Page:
The city of Brooksville is trying to revive its long-dead chances of defending red-light camera cases in court. But the biggest news for drivers might be what is missing from the city’s legal argument.
Eliminating the scourge of red-light cameras in New Jersey has become a bit of a crusade for Assemblyman Declan O’Scanlon. O’Scanlon and other critics maintain that any safety benefits are unclear. That’s why now is the time to end it.
With permission from a local road agency, researchers in Michigan hacked into nearly 100 wirelessly networked traffic lights, highlighting security issues that they say are likely to pervade networked traffic infrastructure around the country.
I always encourage everyone to fight their traffic tickets and keep your hard-earned money in your pocket instead of surrendering it to the corrupt state. I have often referenced the fact that I’ve beaten about 15 tickets since I learned how to properly fight the revenue agents in 2001.
Thousands of drivers in New Jersey were caught on camera allegedly running red lights but were never informed of the potential fines they faced because of a technical glitch. The state lawmaker who today brought the issue to the public’s attention — Assemblyman Declan O’Scanlon —said it’s just the latest example of why New Jersey’s red-light camera should not be renewed when it reaches its December expiration date.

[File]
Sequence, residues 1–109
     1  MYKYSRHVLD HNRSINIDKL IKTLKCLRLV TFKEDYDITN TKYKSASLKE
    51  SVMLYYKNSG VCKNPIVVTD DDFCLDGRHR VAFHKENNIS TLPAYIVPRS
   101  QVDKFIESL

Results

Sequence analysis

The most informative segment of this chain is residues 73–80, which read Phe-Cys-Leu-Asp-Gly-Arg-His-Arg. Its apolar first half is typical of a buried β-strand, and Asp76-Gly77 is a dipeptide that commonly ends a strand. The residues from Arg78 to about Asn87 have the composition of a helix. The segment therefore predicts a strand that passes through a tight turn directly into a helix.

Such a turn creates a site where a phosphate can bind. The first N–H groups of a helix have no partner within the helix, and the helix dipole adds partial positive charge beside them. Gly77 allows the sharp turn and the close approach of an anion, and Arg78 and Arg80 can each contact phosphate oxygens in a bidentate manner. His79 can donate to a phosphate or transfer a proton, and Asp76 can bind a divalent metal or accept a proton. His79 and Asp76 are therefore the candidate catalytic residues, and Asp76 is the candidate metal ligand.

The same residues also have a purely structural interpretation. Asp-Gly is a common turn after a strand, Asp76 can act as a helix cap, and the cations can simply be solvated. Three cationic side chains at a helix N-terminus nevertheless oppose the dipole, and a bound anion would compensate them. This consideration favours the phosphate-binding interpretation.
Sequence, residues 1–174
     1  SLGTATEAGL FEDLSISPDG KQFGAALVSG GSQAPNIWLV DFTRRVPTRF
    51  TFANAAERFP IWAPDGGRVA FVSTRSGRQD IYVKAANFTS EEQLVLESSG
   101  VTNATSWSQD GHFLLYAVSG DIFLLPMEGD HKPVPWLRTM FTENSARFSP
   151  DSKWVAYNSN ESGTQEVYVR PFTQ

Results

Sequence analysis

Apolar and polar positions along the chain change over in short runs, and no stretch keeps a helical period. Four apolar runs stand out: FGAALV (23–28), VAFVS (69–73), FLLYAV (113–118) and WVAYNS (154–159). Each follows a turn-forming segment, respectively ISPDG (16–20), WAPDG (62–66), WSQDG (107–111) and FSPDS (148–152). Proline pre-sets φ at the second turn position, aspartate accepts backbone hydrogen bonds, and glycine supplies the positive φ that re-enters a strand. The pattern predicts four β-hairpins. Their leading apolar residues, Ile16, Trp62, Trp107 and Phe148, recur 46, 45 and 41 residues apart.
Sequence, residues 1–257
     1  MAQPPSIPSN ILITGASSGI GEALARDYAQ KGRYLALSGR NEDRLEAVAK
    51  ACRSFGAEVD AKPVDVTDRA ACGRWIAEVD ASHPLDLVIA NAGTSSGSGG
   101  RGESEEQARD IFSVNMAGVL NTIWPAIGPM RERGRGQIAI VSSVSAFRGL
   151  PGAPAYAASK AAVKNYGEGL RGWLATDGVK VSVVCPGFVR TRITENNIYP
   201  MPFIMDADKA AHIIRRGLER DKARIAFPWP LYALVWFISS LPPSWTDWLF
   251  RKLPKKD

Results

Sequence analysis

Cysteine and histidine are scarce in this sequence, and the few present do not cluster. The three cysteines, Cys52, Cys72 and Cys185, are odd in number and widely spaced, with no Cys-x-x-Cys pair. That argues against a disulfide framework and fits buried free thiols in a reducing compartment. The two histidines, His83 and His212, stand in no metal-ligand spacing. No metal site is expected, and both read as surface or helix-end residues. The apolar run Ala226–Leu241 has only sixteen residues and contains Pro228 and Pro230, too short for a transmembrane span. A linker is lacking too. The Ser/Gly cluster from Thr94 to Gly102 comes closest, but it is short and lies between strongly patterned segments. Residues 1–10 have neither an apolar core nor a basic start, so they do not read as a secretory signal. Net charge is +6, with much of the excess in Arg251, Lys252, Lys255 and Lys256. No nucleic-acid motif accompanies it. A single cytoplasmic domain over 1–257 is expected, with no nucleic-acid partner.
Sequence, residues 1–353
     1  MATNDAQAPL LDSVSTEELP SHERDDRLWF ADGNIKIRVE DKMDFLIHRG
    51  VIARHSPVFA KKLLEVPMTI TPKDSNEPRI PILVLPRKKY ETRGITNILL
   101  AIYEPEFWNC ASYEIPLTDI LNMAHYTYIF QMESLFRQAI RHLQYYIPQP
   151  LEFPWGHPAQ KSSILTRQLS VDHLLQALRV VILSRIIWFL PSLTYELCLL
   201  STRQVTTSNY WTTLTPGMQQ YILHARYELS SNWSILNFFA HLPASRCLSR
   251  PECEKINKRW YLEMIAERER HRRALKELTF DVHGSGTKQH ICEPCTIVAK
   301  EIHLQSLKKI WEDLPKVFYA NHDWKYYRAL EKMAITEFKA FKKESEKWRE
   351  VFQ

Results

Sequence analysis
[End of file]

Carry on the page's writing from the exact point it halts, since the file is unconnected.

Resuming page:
The federal government is inching closer to mandating cars have the ability to communicate with each other, in a move regulators say could reduce crashes while still protecting motorists’ personal information.
It’s a question without a definitive answer just yet, but if the super-nerds at Google are to be trusted, we may soon be better off without speed limits. Ironically, Google’s engineers have determined that speeding actually is safer than going the speed limit in some circumstances.
Traffic camera giant Redflex has been lobbying the Rawlings-Blake administration and City Council to take over Baltimore’s once-lucrative speed and red-light camera network — stressing that it should not be judged by an unfolding scandal in Chicago in which a former executive is charged with bribery.
If you disobey the law while driving and get a ticket, you might be paying more than you bargained for. The Texas Department of Public Safety’s Driver Responsibility Program adds a surcharge for several types of offenses in addition to a normal fine. The program applies a surcharge for three years after you receive a ticket.